In 1905, after ten years of missionary work in Africa, the Reverend Charles Fortescue (Michael Palin) is recalled to England, where his Bishop gives him his new assignment, to minister to ... See full summary »
Six monologues tell the stories of six different repressed souls: a man dominated by his mother, a vicar's wife, an inveterate letter writer, a hopeful actress, a recently widowed woman, ... See full summary »
In London, a Canadian serving prison time for grand theft escapes prison and attempts to retrieve his loot, kept in a bank safety deposit box, but his accomplice takes the security key while he only has the pass code.
1947 in a small town in England. The war has been over for two years, but there's still rationing of meat. When Princess Elizabeth is going to marry, a group of businessmen wants to impress (or probably bribe) the local government by giving a big party. They want to slaughter an illegally raised pig for this event. Unfortunately, someone steals the pig.
For the scene toward the end where Betty the pig needed to travel in a car, the pig would not initially get into the vehicle. The set-up required the porker to ride in the back seat, but when the pig did get in, it then jumped into the front seat, and onto the lap of actor Michael Palin, who stunned, sat there grinning. See more »
Dr. Charles Swaby:
Now, under this National Health Service, any poorly little pillock can come into my surgery and say "I'm ill! Treat me!" Honestly, sometimes I wonder what the last war was FOR.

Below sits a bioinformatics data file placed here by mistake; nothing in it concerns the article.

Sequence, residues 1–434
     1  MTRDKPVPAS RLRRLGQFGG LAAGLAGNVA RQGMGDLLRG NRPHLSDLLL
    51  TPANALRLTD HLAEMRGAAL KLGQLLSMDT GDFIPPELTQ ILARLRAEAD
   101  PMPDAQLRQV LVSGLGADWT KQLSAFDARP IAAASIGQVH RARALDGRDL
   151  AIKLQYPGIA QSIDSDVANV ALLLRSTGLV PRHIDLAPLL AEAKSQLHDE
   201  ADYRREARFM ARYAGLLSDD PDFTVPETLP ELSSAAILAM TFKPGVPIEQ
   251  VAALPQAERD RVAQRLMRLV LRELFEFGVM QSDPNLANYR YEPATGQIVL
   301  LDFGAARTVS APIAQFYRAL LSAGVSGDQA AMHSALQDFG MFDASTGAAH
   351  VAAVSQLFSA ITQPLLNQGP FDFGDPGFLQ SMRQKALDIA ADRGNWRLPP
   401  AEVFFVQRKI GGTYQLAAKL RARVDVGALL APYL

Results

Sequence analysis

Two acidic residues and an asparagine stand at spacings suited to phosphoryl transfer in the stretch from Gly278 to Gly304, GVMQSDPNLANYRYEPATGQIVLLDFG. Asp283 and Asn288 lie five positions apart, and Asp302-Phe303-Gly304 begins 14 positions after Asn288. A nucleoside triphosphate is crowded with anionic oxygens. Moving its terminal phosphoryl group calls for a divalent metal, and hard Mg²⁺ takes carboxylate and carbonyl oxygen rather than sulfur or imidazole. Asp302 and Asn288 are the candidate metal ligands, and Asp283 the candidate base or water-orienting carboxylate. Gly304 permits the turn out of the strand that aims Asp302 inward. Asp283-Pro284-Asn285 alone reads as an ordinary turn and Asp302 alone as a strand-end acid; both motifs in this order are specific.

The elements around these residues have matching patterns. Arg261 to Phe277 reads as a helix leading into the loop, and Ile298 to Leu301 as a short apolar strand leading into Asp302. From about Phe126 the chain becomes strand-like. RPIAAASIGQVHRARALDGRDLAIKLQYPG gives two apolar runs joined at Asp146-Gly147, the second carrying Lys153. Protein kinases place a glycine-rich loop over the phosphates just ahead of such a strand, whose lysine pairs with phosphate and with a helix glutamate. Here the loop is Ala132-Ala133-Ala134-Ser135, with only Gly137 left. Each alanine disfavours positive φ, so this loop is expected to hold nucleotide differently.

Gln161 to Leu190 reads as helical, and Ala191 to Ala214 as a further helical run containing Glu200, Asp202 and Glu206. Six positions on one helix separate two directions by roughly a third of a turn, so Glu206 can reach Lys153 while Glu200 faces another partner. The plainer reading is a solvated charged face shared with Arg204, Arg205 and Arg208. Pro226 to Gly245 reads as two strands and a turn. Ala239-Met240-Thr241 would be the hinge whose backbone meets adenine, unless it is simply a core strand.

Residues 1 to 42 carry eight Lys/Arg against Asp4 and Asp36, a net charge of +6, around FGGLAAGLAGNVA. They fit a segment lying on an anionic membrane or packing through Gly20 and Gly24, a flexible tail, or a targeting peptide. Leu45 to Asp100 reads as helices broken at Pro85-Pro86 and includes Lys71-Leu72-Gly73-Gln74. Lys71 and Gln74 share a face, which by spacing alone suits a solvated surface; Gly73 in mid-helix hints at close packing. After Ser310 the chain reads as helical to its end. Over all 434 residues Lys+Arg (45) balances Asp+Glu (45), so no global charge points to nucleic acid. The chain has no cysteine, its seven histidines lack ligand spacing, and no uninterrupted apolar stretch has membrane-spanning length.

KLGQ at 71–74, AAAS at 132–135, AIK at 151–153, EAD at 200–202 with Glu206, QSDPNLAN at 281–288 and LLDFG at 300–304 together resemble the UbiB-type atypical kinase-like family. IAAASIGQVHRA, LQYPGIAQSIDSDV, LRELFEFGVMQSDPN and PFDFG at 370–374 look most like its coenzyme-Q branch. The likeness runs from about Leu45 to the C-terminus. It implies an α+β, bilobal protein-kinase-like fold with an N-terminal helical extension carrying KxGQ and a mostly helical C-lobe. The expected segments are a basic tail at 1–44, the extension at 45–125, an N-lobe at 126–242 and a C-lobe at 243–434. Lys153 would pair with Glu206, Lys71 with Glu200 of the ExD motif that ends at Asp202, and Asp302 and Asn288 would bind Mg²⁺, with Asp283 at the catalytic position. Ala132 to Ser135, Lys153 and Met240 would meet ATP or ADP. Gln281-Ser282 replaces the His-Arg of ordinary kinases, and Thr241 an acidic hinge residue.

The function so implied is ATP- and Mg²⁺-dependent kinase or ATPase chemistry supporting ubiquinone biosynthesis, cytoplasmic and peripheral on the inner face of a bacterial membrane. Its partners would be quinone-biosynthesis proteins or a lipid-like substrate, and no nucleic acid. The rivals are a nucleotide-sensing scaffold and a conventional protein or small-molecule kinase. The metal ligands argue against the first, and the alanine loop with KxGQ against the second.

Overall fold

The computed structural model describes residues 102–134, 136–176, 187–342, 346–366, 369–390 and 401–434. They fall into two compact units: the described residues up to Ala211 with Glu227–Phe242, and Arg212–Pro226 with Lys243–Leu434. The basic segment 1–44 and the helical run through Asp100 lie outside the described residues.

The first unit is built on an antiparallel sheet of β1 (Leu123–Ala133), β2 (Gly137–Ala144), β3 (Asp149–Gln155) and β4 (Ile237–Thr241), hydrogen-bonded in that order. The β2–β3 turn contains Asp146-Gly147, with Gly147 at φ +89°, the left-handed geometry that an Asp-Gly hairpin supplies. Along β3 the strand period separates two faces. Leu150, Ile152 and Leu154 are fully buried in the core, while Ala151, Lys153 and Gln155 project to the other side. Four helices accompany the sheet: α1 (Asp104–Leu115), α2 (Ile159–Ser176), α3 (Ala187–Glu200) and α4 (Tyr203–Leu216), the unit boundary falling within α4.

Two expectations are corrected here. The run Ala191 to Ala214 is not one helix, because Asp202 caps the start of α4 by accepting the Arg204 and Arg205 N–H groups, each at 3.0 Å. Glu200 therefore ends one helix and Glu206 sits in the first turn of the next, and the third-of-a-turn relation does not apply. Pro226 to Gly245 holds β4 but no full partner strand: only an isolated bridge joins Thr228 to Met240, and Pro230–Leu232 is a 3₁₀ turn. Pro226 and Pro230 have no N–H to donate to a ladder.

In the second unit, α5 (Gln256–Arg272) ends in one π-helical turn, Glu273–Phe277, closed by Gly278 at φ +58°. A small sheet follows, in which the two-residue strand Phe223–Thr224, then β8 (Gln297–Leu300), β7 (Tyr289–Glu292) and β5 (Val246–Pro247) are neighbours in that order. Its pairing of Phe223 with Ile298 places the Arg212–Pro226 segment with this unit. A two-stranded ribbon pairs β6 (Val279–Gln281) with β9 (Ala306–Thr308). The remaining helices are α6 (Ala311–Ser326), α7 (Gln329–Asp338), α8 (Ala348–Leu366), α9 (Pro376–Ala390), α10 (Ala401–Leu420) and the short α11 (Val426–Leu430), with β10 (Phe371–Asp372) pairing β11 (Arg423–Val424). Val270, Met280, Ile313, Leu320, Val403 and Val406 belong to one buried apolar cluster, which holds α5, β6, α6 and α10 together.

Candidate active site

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Why do I love this movie sooooo much. Because it is one of the most delightful movies ever made.
From the opening shots of Dame Maggie Smith and her aged mother (Liz Smith) jostling for space on the Wurlitzer seat to the closing shots of Michael Palin and Richard Griffiths looking sadly at Betty on the platter this is a movie where every scene has something new.
The contents of Michael Palin's lunch box, Richard Griffiths popping his little trotter over the edge of the chair to get a chocolate for Betty, Liz Smith checking her nightgown for malodorous fumes, Bill Paterson and his wonderful artistry with green paint ( don't miss this line its great), Michael Palin's overt Pythonesque chiropodist sign, and Liz Smiths startled look watching him clean it, these are just a taste of the subtle visual and aural moments that make this movie magic (moments that obviously went completely over the head of a previous reviewer).
Alan Bennetts plot is original and actually believable, as snobbery of all kinds can be found alive and well in any nation in the world at any time, and Denholm Elliot and Dame Maggie Smith would have to be crowned the King and Queen of snobbery for their efforts in this.
Many people read some books over and over This is a movie I watch over and over. I have this movie on Video and I shall definitely be buying it on DVD as well
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